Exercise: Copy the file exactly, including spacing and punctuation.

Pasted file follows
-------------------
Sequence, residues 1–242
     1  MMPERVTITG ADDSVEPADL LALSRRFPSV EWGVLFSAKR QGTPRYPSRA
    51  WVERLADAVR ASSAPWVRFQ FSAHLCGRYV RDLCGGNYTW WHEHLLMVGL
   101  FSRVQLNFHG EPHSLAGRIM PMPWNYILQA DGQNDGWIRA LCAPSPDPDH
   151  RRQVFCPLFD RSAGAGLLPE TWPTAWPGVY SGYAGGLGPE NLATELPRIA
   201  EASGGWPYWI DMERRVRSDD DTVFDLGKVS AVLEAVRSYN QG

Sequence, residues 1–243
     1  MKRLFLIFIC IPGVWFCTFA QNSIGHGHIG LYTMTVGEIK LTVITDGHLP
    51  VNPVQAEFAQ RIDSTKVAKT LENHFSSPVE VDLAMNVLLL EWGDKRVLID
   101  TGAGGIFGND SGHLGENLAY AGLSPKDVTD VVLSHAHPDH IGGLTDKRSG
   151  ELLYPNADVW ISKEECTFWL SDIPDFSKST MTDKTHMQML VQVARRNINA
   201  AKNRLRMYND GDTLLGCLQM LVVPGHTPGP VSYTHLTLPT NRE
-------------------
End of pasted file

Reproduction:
Sequence, residues 1–242
     1  MMPERVTITG ADDSVEPADL LALSRRFPSV EWGVLFSAKR QGTPRYPSRA
    51  WVERLADAVR ASSAPWVRFQ FSAHLCGRYV RDLCGGNYTW WHEHLLMVGL
   101  FSRVQLNFHG EPHSLAGRIM PMPWNYILQA DGQNDGWIRA LCAPSPDPDH
   151  RRQVFCPLFD RSAGAGLLPE TWPTAWPGVY SGYAGGLGPE NLATELPRIA
   201  EASGGWPYWI DMERRVRSDD DTVFDLGKVS AVLEAVRSYN QG

Sequence, residues 1–243
     1  MKRLFLIFIC IPGVWFCTFA QNSIGHGHIG LYTMTVGEIK LTVITDGHLP
    51  VNPVQAEFAQ RIDSTKVAKT LENHFSSPVE VDLAMNVLLL EWGDKRVLID
   101  TGAGGIFGND SGHLGENLAY AGLSPKDVTD VVLSHAHPDH IGGLTDKRSG
   151  ELLYPNADVW ISKEECTFWL SDIPDFSKST MTDKTHMQML VQVARRNINA
   201  AKNRLRMYND GDTLLGCLQM LVVPGHTPGP VSYTHLTLPT NRE